Observations of the 21 cm line of neutral hydrogen can provide several integral properties of galaxies. The systemic velocity Vsvs indicates the distance Δ via the Hubble relation or through group membership. The integral over velocity of the flux density profile, ∫S dV, immediately yields the amount of neutral hydrogen in the galaxy: M
H ∝ Δ2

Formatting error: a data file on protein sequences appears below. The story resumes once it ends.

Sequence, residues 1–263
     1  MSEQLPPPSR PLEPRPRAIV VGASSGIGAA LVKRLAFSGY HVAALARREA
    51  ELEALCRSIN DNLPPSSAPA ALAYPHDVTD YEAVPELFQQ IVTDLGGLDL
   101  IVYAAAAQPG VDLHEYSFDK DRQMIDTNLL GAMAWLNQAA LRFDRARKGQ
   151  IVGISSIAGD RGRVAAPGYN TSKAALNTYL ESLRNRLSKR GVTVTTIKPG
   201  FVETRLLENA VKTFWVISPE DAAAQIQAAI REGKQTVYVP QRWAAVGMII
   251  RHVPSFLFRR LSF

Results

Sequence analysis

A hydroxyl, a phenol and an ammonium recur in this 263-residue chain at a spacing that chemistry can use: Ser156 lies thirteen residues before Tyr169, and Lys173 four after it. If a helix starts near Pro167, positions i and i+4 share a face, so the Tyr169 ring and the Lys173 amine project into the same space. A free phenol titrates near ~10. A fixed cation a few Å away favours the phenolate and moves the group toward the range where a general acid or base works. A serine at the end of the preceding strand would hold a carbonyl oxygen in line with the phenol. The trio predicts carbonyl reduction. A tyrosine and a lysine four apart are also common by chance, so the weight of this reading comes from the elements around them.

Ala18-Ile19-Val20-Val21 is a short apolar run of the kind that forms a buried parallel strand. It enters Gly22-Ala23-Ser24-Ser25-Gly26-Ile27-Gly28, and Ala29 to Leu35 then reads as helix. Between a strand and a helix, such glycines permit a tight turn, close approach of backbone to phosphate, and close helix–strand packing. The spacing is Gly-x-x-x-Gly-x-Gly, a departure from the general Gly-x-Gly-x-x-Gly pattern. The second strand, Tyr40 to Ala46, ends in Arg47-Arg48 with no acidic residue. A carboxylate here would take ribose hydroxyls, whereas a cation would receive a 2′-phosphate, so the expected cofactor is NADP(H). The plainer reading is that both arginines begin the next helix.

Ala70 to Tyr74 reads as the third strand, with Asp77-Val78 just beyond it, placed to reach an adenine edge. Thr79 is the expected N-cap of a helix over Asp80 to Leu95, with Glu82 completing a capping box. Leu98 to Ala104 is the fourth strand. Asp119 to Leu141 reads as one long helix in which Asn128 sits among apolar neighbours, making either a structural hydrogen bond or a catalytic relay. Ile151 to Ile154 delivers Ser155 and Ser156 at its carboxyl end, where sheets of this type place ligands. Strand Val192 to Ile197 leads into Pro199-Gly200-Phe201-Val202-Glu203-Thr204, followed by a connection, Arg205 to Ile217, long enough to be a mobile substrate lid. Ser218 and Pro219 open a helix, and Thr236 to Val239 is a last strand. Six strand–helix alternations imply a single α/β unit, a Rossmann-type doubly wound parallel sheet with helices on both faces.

∫S dV (neglecting optical-depth effects). The profile width W and the inclination i (derived from the optical axial ratio), together with the (optical) angular diameter a, supply the ‘indicative mass’ Mi ∝ (W/sin i)2 a △ (Bottinelli et al. 1968; Balkowski 1973), which is a fair estimate of the total mass of the system. In addition, as shown by Tully and Fisher (1976), the profile width is a good indicator of luminosity L. The quantities and L, which are (at least roughly) representative of the amounts of matter and of gaseous and luminous material in the system, give an indication of its composition. Together with the linear diameter a△, these quantities contain clues as to galaxy formation and evolution.